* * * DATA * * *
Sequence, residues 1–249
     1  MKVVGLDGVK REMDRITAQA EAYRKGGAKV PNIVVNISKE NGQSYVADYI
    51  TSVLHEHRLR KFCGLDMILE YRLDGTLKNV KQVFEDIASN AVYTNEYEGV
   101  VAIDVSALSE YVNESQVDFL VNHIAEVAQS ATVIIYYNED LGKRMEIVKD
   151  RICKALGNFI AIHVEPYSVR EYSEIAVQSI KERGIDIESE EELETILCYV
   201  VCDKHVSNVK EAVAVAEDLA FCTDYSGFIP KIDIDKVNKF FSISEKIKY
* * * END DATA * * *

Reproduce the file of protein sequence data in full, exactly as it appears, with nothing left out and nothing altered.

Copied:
Sequence, residues 1–249
     1  MKVVGLDGVK REMDRITAQA EAYRKGGAKV PNIVVNISKE NGQSYVADYI
    51  TSVLHEHRLR KFCGLDMILE YRLDGTLKNV KQVFEDIASN AVYTNEYEGV
   101  VAIDVSALSE YVNESQVDFL VNHIAEVAQS ATVIIYYNED LGKRMEIVKD
   151  RICKALGNFI AIHVEPYSVR EYSEIAVQSI KERGIDIESE EELETILCYV
   201  VCDKHVSNVK EAVAVAEDLA FCTDYSGFIP KIDIDKVNKF FSISEKIKY